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How can I find how much disk does a list of files uses? I'm looking for a variation of

du -s *.sql

I want to see only the grand total, and with the command above, it always shows a line for each file.

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up vote 9 down vote accepted

You can use tail to cut the last line (the total) from the output of du:

du -c *.sql | tail -n 1

There seems to be no way to make du itself report just the total of a set of files.

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What doesn't work from your example?  Do you want a sum?  man du shows that the -c option provides a sum of usage:

du -sc *.sql

You may also like the -h or -k arguments.

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See my clarification. I want it to print only the sum. – Elazar Leibovich May 23 '11 at 13:41

Your question is very ambiguous but I suspect you are looking for the -c flag to produce a total.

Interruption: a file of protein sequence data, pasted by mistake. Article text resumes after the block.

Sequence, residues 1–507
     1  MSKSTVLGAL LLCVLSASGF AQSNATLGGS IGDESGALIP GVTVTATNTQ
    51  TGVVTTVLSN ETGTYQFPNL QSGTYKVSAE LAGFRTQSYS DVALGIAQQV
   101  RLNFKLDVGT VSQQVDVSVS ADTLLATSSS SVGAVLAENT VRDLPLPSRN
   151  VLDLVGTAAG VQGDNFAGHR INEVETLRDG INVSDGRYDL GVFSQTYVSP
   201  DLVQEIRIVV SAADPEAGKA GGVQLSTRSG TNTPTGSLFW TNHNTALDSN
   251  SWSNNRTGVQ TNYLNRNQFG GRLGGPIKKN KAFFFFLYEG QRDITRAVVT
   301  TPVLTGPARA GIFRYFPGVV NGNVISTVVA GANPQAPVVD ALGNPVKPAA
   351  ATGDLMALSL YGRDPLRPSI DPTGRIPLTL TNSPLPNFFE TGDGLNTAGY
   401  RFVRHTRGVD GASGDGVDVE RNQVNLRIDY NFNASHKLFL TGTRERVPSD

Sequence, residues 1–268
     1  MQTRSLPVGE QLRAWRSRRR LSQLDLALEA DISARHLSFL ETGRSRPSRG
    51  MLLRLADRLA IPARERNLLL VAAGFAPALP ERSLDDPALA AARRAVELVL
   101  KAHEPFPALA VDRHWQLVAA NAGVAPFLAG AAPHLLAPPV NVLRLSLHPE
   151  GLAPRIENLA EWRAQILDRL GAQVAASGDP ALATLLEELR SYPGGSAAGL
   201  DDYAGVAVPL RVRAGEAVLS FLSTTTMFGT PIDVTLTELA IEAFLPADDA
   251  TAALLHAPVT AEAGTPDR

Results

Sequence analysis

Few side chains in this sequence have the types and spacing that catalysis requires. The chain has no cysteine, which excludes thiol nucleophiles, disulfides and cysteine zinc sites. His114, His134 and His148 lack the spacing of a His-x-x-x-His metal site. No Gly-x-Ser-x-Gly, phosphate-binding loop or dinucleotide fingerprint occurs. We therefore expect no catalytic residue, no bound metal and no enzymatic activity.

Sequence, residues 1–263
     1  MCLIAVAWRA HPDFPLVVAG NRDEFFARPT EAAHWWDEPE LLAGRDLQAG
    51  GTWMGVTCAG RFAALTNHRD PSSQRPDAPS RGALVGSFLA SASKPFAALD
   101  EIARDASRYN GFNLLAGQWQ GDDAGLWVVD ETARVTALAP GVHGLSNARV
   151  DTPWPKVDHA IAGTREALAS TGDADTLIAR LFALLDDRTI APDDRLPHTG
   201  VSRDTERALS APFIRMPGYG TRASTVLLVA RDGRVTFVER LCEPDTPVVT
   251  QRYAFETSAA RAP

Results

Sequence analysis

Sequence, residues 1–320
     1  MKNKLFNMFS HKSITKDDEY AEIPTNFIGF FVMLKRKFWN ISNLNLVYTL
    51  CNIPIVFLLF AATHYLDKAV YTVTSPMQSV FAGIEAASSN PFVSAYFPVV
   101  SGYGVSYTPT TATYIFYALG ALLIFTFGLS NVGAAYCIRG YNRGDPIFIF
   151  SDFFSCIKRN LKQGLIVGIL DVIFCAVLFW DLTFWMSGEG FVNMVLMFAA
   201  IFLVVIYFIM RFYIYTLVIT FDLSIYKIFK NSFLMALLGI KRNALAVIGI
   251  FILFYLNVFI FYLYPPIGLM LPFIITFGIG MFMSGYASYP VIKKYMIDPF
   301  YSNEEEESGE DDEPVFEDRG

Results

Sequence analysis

du -c *.sql
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I want it to have the same effect as du -s dir. Which will summarize disk usage of the directory, and nothing else. – Elazar Leibovich May 23 '11 at 13:44

can be a variation like:

du -sch * | grep total
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This doesn't add anything to the accepted answer of du -c * | tail -n 1. Also the -s option doesn't do anything here. – Wildcard Dec 22 '15 at 4:44
1  
This is essentially a combination of the other answers.  The -h option is not called for; the OP didn't ask for it.  | tail -n 1 is better than | grep total because there might be files whose names contain the word total. – G-Man Dec 22 '15 at 4:46
1  
@Wildcard: Actually, -s decreases the amount of data being written through the pipe (if any of the argument(s) are directories). – G-Man Dec 22 '15 at 4:48
    
Aha! @G-Man, good catch; you're right. – Wildcard Dec 22 '15 at 5:31
cat *.sql | wc -c

Answer is in bytes.

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2  
Yeah, but you need to read the whole whopping 10Gb in order to tell it... – Elazar Leibovich May 26 '11 at 4:18

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